5 White Lies about Chardonnay, Plus 25 Excellent Bottles to Try

Photo © Con Poulos
By Ray Isle Posted February 25, 2015

No wine has ever been so unfairly maligned as Chardonnay. F&W’s Ray Isle debunks the myths and extols the magnificence of great bottlings at every price and in every style.

No wine has ever been so unfairly maligned as Chardonnay. F&W’s Ray Isle debunks the myths and extols the magnificence of great bottlings at every price and in every style.

Myth: All California Chardonnay Is Big & Buttery
Once upon a time (let’s say the ’90s), it might have been true that the vast majority of California Chardonnay was big and buttery. But there’s been a slow swing back from the most excessive styles. There are still plenty of big, rich wines, but on the whole they’re less oak soaked than before. And each year there are more unoaked Chardonnays. Typically aged in stainless steel rather than wood, they’re crisp, zingy and full of unadorned Chardonnay character.

Wines to Try
2013 Joel Gott Unoaked Chardonnay ($18)
Winemaker Joel Gott sources grapes from all over California's North Coast (Monterey, Napa and Sonoma) for this tropical fruit-accented white.

2013 Balletto Teresa's Unoaked Chardonnay ($20)
Low-temperature fermentation and zero use of oak barrels keep this Chardonnay bright and minerally; Balletto's substantial vineyard holdings also mean the winery has access to top-quality fruit.

2013 Hendry Unoaked Chardonnay ($20)
Napa Valley's Hendry is best known for its impressive single-vineyard Zinfandels, but this peach-scented Chardonnay shows that winemaker George Hendry has a deft hand with whites as well.

2013 Morgan Metallico Chardonnay ($22)
One of the first wineries to focus on the unoaked style of Chardonnay in California, Morgan has been making its Metallico bottling since the 2001 vintage. The 2013 has a citrus-zesty character due in part to the cool winds that flow in from the Pacific across the Santa Lucia Highlands, where Morgan's vineyards are located.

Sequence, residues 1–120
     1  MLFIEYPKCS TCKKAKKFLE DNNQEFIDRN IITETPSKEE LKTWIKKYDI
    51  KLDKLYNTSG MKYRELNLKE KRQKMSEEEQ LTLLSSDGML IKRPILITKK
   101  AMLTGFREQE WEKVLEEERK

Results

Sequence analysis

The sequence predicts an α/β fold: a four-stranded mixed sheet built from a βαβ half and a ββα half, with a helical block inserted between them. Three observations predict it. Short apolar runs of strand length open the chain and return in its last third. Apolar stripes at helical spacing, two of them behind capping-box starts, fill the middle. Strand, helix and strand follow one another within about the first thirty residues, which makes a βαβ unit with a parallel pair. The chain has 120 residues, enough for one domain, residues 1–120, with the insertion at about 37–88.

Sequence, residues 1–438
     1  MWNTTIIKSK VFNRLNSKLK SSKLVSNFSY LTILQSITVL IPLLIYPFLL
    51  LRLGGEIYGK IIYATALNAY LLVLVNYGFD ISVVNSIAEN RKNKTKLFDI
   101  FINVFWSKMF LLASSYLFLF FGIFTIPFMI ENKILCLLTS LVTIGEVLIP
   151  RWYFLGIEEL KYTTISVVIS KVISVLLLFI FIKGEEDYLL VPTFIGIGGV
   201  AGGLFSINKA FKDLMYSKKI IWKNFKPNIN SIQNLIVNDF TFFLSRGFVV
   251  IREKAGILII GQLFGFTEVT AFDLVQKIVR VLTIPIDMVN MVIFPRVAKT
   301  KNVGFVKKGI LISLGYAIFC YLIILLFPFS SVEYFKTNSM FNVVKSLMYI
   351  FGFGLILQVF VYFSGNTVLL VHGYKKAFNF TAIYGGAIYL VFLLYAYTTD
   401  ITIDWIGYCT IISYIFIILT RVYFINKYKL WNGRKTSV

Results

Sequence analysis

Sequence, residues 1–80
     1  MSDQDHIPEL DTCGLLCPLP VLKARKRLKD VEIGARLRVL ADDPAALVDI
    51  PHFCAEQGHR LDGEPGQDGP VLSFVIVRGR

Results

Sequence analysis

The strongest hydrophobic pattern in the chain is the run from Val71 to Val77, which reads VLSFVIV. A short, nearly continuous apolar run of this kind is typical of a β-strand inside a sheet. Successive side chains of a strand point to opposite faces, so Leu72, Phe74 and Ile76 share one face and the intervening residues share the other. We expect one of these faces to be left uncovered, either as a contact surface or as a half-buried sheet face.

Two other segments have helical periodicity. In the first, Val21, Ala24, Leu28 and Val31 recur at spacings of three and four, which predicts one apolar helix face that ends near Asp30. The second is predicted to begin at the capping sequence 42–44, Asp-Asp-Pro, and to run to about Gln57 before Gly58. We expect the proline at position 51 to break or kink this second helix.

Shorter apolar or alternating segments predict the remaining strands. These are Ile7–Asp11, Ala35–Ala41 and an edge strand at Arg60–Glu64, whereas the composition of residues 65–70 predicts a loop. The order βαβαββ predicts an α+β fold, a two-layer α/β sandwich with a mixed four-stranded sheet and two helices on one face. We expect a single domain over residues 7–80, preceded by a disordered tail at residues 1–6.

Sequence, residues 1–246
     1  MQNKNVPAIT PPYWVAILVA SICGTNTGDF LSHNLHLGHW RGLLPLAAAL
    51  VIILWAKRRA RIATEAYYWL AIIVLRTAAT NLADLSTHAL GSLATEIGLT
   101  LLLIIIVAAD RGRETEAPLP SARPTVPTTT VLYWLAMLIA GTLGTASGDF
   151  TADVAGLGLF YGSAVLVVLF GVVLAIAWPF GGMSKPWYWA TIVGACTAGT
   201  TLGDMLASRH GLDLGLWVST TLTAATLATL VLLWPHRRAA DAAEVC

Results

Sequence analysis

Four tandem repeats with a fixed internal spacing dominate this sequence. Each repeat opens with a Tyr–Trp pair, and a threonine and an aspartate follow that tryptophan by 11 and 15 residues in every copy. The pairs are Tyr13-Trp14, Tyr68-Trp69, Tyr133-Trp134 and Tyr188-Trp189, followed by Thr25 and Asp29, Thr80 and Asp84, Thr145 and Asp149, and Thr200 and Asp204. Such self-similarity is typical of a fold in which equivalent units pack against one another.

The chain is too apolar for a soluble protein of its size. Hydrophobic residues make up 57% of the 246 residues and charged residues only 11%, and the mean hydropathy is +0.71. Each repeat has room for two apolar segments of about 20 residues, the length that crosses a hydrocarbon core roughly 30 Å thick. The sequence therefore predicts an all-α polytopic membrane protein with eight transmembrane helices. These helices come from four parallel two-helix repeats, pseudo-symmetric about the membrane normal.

2012 Marimar Estate Acero Chardonnay ($29)
Clean, crisp and impressively precise, this focused wine from Marimar Estate gets its name from the Spanish word for "steel" ("oak," by the way, is roble).

Myth: All Cheap Chardonnay Is Bad
Often, when I'm searching for terrific bottles among 50 bargain-price wines, I wonder whether playing Powerball might give me better odds. But in hunting for vale Chardonnays, I've found that two or three good ones always turn up. Not all cheap Chardonnay is bad—the variety grows well and easily in wine regions around the world, so a talented winemaker can coax out surprising complexicty at low price.

Wines to Try
2014 Man Family Chardonnay ($11)
A touch of American oak (10 to 20 percent, depending on the vintage) gives this direct, citrusy white a little spicy sweetness that's very appealing.

2013 Yalumba Y Series Unwooded Chardonnay ($12)
A perennial great value, this bright, peachy Australian Chardonnay balances ripe South Australian fruit character against the zestiness that comes from stainless steel fermentation and aging.

2013 Milbrandt Vineyards Traditions Chardonnay ($13)
The Milbrandt family farms more than 2,500 acres of wine grapes in eastern Washington state—essentially a reservoir of quality fruit that allows them to produce impressive wines like this appley Chardonnay for equally impressive prices.

2014 Brampton Unoaked Chardonnay ($15)
Lime aromas and flavors are the hallmark of this lively, stainless steel-fermented white.

2014 Viña Leyda Chardonnay ($16)
Chile's Leyda Valley has a cool climate ideal for producing streamlined, lightly herb-scented Chardonnays like this crisp bottling. It would be a great partner for shellfish of any kind—particularly oysters on the half shell.

Myth: Big, Oaky Chardonnay Are Passé
When it comes to Chardonnay, oak-aging itself is never going to be passé. The truth is that most of the world’s best Chardonnays—from grand cru Burgundies to California’s greatest bottlings—spend time fermenting and aging in some percentage of new oak barrels. The key is intelligent, nuanced winemaking that uses oak to subtly influence the wine, not warp it; to accentuate the wine’s natural character, not conceal it. That’s how a grand cru white Burgundy might be aged for almost two years in new oak barrels and taste sublime rather than unbalanced.

Wines to Try
2012 Olema Sonoma County Chardonnay ($15)
Winemaker Joel Aiken spent many years in charge at Beaulieu Vineyards; that may explain how he’s able to coax so much flavor and grace into a sub-$20 white like this one.
2012 Walter Hansel The Meadows Vineyard Chardonnay ($32)
Appropriately enough, this creamy Chardonnay, full of bright tropical fruit notes, comes from a vineyard planted in a low-lying meadow near Sonoma’s Santa Rosa Creek.
2013 Patz & Hall Sonoma Coast Chardonnay ($38)